I’ve just seen “The Graduate” at Picturehouse at FACT, the fab little cinema in Wood Street, Liverpool, which we all love to love.
The title of this post is taken from the last scene of this film: from the very very last shot. The elation the Dustin Hoffman character Ben feels after successfully snatching the Katharine Ross character Elaine from a loveless marriage to a respectable jock, after Ben’s previous affair with the next-door neighbour Mrs Robinson who simultaneously is Elaine’s bitter and disillusioned mother, turns – for both Ben and Elaine – subtly to something else: and like all good endings the future is as yet unwritten.
There is uncertainty, clearly; and the uncertainty principle should rule our lives always. For it is what drives us to overcome our fears, where they exist, and reach beyond what we believe ourselves capable of.
And this is where I now find myself too. And the numbers are important.
45 was probably the age of Anne Bancroft’s character Mrs Robinson, when the scene above is supposed to take place; 22 the age of Ben, the soon fairly wretched graduate, tired – once the initial frisson of excitement has waned – of Mrs Robinson’s games, threats, jealousy and blackmail.
In my case then – and here we come to the second part of the equation – 54 was the day my rebirth began in the hands of a 27-year-old woman of fabulous qualities. Yet nothing actually “happened”, if “happened” is what you assume needs to take place for something as remarkable as I describe to exist.
So nothing “happened” in the sense you might think, except that I began to feel the rebirth I mention beginning to surge through my veins: yes, as melodramatic as that sounds, this was exactly how it was.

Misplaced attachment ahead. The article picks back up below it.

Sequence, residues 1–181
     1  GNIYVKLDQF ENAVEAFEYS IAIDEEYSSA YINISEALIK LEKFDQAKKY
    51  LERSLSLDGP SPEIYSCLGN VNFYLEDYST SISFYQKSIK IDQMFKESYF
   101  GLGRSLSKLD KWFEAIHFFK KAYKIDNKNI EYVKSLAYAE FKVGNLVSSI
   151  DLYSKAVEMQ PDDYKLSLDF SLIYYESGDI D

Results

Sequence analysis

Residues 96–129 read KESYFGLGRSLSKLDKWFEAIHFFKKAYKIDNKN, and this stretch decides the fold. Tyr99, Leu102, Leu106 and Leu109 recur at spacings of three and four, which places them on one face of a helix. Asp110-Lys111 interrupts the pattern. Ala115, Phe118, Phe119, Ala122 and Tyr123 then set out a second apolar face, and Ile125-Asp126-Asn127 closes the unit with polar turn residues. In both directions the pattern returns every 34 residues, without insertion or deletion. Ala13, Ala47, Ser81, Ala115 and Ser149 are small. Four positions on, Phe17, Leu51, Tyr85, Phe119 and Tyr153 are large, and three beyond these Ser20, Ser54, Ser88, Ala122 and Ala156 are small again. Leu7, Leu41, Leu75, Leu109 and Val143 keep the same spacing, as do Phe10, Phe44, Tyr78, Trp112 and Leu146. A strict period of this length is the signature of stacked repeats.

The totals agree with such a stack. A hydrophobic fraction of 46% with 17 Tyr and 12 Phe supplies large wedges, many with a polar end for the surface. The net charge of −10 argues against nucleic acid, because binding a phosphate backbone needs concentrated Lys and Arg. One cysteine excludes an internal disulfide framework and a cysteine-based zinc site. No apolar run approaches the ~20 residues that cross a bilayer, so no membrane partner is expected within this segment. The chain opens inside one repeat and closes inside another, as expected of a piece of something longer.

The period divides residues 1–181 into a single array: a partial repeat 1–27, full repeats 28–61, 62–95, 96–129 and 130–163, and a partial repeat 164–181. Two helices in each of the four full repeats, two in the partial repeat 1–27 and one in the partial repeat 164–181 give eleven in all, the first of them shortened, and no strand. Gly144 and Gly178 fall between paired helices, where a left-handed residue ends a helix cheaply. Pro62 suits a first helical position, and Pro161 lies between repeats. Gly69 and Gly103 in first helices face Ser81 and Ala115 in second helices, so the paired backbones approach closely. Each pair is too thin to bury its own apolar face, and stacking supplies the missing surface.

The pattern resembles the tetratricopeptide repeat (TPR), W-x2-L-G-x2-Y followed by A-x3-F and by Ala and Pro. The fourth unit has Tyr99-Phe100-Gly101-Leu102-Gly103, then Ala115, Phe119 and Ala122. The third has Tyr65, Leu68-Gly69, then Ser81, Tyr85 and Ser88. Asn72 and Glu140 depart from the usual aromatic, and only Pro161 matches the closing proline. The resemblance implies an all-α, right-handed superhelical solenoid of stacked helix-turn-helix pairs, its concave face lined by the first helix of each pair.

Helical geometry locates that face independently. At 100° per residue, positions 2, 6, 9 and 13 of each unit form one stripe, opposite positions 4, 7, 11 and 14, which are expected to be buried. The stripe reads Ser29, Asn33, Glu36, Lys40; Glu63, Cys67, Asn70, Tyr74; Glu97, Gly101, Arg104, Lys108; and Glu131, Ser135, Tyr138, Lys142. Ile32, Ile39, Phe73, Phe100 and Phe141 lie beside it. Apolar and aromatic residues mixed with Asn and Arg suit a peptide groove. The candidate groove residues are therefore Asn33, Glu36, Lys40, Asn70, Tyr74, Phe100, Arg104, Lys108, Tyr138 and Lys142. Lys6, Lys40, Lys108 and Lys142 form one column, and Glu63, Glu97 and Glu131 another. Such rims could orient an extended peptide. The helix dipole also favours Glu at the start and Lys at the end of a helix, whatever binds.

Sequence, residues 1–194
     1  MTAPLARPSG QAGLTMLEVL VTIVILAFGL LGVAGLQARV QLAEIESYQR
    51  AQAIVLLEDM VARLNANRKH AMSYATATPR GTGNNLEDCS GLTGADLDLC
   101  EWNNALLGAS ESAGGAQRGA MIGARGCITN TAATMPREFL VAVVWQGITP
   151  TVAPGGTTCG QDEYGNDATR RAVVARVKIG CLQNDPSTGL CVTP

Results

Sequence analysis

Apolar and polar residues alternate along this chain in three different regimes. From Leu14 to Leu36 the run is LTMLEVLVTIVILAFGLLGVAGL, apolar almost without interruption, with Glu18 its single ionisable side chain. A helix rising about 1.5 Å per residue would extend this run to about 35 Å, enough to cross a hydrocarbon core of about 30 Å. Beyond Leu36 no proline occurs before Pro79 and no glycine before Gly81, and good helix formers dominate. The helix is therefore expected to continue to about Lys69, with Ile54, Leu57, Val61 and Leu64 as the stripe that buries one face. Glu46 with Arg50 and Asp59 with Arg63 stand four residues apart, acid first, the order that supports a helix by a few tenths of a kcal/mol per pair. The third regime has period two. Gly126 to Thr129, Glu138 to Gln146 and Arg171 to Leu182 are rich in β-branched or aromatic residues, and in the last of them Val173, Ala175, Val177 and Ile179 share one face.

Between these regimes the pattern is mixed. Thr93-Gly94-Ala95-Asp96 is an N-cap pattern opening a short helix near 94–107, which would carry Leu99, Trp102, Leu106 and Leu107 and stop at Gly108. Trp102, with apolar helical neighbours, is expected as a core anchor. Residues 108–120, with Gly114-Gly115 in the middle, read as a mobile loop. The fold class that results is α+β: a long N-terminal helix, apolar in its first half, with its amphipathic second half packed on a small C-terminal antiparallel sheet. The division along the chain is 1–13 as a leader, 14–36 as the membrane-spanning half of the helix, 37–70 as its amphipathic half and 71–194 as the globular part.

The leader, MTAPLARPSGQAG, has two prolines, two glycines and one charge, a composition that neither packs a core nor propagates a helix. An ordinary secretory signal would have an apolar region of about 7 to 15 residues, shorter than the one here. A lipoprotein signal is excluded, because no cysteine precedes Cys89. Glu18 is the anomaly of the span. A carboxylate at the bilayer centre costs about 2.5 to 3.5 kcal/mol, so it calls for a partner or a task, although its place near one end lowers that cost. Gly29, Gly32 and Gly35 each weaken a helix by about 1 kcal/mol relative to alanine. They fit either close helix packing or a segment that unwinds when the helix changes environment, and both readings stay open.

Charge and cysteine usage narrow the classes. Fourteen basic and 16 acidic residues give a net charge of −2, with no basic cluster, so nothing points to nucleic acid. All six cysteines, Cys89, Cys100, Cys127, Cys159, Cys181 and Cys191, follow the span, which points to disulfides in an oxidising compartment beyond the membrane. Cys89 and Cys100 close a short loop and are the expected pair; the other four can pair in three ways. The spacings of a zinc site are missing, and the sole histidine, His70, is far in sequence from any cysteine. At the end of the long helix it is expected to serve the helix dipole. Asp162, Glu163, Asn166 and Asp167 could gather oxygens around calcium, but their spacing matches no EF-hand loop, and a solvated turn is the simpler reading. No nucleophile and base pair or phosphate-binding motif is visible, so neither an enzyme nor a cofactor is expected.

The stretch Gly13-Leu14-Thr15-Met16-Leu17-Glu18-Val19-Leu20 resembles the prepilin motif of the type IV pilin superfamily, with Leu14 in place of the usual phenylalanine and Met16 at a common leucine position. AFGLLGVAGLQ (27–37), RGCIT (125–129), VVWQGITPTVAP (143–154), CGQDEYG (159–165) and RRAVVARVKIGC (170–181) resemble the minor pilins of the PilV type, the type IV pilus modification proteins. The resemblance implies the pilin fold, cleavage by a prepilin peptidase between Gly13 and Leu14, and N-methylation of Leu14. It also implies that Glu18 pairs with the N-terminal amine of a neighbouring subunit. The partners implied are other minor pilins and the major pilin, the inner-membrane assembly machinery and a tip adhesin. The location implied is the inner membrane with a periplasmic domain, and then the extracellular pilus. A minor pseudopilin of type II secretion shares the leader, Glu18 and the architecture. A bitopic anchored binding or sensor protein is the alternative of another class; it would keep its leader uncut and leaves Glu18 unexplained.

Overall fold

I was very Jane Austen.
I prefer Jane Austen to Mills & Boon.
It is all complicated by a back story some close family members already know bits of, and I assume – if I have anything to do with anything this summer – all family members will need to find out about.
Guilt is a tremendously painful figure in human emotions.
It has destroyed my ability to function as a normal human being for many many years now.
No one needs such guilt; no one deserves such guilt. And any institution, family grouping, society or organisation which generates such feelings in its fragile and lovable members has no right to perpetuate these cruelties. Life is difficult enough, without us stamping on the very joy – the very human functionality and tool – that can so easily serve to lift us from the gutters and take us to the stars in a Wildean sprint of magnificent humanity.
It may be selfish in the extreme for me to explain to my beloved ones the truth about their father and husband. He is not the paragon of uncompleted – never incorrectly committed – acts many considered he was: he does, however, have a life; does manage to love people most sincerely; and wants a future which includes all those who wish to form a part of it of course, but doesn’t – ever, never, neither, either – include those who have served to purposefully hurt him thus far.
I was speaking with my middle son yesterday. After running through key moments he gently prised out of my life experiences, he asked me if there was anything else. I said no, but neither of us was convinced.
I have now offered to give him the three missing pieces of the jigsaw, and if one day he manages – out of the curiosity, ingenuity, imagination, creativity and love he always manifests – to turn this peculiar sequence of incompletednesses I already mentioned above into a screenplay worthy of his talent and your time, I personally shall only be too happy to face the music – whatever its harmonies or dissonances – that my being will be required by time’s rhymes to face.
I will do so with honour, and with pride too. I can finally say I have lived a life; what’s more, I honestly feel I have done it to the best of my ability, and with the maximum levels of love and integrity a human being can possibly – can realistically! – summon.
I don’t say this before a fall.
I just say it because it’s all there is to say.
And that’s the truth.
It really is.
So my future – as yours dear C, as yours dear yous, as yours dear all! – is as unwritten as it must be.
We are all poets of our own existence.
And we can all be fabulous righters of life.